Fifty percent of all children starting Reception are “not ready to start school”, according to a new teacher survey, conducted by YouGov.
Eighty eight percent of teachers and teaching assistants said that they were having to spend additional time with those not reaching their developmental milestones, leaving them less time for the rest of the children in their class.
Working in partnership with early years charitable foundation Kindred2, YouGov surveyed almost 1,000 schoolteachers and conducted one-to-one interviews about their experiences in 2021.
Some teachers told researchers that “the majority” of their pupils were now developmentally far behind expectations for their age group. Examples included children not being toilet trained, struggling to socialise and express themselves and being unable to understand basic instructions.
One teacher said: “We always have a significantly high proportion of children who are not school ready, about 50%. This year it’s probably 80-90%.”
A teaching assistant said: “In my school we have found our younger children are lacking in social skills in particular. Children are finding sharing, peer relationships and even interactions with adults extremely difficult.”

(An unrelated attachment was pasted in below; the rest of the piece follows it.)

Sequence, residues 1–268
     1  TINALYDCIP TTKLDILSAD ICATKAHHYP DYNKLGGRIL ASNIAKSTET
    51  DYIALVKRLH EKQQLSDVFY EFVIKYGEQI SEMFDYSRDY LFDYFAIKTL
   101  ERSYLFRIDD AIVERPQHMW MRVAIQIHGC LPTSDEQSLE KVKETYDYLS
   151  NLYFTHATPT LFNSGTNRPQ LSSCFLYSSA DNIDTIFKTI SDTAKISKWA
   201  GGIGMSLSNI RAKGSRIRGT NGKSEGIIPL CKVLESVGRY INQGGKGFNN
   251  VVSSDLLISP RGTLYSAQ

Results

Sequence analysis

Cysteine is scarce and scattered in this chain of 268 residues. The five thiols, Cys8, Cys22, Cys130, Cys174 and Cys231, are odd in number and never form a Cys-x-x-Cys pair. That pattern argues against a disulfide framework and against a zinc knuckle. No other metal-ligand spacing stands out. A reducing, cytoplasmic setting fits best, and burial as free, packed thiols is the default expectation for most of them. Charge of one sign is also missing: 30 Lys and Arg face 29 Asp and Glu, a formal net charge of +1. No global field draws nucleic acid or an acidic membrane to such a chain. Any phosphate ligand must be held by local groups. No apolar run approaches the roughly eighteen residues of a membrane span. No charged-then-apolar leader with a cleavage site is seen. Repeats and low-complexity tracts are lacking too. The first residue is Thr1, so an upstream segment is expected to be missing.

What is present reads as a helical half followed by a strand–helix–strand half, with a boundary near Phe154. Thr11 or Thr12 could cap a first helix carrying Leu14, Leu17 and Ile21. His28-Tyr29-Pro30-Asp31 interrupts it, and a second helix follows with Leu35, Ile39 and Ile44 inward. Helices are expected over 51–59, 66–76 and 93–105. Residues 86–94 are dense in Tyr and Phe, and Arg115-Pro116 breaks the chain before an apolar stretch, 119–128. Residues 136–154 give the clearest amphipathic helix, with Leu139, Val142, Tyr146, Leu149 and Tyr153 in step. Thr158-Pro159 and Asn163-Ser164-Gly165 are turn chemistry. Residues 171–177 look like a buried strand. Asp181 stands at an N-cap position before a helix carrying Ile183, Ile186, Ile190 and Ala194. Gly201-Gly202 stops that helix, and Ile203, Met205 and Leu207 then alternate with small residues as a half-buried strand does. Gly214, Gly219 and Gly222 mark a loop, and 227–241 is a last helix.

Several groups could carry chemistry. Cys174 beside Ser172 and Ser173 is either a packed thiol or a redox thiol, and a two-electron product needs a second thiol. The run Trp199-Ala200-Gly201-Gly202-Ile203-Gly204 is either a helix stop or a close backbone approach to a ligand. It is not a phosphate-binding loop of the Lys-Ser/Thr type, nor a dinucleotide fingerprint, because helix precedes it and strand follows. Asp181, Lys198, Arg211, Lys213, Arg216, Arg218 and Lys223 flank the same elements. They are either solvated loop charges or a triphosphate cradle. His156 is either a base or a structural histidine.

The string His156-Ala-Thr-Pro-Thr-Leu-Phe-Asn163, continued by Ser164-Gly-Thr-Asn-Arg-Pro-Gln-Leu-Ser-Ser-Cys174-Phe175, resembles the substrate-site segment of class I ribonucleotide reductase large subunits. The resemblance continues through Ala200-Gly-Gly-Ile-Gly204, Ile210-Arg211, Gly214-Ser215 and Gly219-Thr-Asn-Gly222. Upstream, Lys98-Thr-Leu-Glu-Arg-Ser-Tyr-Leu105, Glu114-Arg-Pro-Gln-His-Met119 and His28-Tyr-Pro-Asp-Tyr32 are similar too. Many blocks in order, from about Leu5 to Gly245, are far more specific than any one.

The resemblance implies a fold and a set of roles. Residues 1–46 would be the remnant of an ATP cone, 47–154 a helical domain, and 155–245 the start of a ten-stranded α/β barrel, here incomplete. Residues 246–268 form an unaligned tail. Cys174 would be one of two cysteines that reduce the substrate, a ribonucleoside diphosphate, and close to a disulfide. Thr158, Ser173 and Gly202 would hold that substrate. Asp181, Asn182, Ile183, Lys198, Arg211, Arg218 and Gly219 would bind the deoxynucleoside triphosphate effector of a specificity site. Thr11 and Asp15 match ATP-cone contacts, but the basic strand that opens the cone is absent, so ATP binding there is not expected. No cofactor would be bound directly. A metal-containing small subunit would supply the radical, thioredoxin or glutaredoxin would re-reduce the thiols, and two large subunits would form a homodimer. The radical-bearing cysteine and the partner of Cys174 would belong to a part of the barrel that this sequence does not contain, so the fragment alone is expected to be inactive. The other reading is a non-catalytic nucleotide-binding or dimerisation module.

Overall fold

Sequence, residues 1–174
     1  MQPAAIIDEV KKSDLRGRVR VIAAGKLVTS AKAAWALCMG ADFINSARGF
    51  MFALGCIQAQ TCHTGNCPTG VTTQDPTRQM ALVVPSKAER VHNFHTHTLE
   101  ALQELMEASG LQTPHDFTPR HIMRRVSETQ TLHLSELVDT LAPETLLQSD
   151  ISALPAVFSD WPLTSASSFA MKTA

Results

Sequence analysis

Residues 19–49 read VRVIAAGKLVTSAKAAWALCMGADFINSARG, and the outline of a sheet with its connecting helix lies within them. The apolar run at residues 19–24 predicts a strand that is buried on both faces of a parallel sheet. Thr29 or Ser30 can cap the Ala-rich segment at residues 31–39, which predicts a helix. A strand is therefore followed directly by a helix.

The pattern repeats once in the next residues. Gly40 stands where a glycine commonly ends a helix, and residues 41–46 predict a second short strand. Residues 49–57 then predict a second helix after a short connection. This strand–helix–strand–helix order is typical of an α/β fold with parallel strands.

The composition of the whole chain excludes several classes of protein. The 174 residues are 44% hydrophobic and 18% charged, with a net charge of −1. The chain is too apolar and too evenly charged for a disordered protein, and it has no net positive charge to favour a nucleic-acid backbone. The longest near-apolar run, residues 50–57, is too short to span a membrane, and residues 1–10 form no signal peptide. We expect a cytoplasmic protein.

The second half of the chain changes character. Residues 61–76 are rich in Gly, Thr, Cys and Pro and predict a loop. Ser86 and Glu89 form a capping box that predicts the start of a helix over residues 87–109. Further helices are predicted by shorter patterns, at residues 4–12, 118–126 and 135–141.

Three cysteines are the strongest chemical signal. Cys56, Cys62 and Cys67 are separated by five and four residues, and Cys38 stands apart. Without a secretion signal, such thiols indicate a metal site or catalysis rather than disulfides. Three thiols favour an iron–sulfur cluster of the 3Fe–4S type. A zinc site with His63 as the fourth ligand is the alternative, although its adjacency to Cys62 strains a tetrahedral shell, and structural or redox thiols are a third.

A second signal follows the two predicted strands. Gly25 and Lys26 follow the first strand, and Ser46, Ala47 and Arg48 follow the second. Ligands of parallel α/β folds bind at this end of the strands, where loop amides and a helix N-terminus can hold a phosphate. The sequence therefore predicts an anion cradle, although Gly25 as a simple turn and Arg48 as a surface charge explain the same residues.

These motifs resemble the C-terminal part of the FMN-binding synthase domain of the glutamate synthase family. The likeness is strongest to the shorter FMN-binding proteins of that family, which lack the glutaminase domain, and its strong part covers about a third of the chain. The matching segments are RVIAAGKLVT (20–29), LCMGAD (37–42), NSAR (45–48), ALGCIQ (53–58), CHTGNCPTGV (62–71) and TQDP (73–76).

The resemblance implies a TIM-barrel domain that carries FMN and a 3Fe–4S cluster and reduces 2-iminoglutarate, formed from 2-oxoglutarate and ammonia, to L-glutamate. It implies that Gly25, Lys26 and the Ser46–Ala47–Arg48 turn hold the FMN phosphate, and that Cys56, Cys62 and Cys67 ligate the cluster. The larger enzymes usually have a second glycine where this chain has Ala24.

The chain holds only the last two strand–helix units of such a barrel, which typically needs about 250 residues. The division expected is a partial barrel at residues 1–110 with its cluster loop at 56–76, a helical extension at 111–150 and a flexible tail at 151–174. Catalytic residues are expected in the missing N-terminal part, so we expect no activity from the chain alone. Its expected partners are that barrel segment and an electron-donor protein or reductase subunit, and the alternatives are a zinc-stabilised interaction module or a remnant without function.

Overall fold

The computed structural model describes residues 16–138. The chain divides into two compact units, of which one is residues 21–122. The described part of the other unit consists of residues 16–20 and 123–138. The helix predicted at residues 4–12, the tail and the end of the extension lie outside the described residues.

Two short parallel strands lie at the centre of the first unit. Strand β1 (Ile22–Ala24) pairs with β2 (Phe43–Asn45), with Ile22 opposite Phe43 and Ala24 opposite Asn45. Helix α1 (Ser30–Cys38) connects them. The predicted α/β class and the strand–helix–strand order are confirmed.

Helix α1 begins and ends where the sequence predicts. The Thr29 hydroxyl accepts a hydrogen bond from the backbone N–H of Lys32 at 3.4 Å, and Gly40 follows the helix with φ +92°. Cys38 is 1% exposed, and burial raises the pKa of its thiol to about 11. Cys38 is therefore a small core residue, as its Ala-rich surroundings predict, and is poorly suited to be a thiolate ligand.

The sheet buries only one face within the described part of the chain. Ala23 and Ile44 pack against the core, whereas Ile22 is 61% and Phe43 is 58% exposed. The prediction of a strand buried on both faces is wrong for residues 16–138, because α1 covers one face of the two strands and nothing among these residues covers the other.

Kindred2 has called for a "rethink" childcare and teaching for children in the early years and hopes to start a "national conversation" about the results of the survey.
Felicity Gillespie, director at Kindred2, said: “The YouGov survey suggesting half our children are starting their school journey at such a disadvantage is shocking, particularly as we know what an impact being behind at this point has on later life chances. Mental health, literacy, earning potential are all being impacted.
“Some will blame parents, but we all want the best for our children and teachers say what isn’t being made clear enough to parents is what being developmentally ready for school actually means. We need a new national conversation about parenting and the state’s role in our children’s development – one that reflects the irrefutable scientific proof that brain development pre-school is as important as school-based education.”
Neil Leitch, CEO of the Early Years Alliance, commented: “Many young children have now spent much of their lives under some form of Covid-19 restrictions, missing out on vital opportunities to socialise with their peers and develop key skills. We know how vitally important the early years are for children’s future learning, so it is sadly not surprising that we are now seeing an increasing number of them facing additional challenges.
“With just 3% of the education recovery funding announced so far going to the early years, the government is missing a huge opportunity to address these concerns before children start school. We urge the government to give early years providers the support they need to deliver the quality early education and care that will help children recover from the difficulties they have faced during the pandemic.”
The full story, as reported by the Early Years Alliance, can be read here.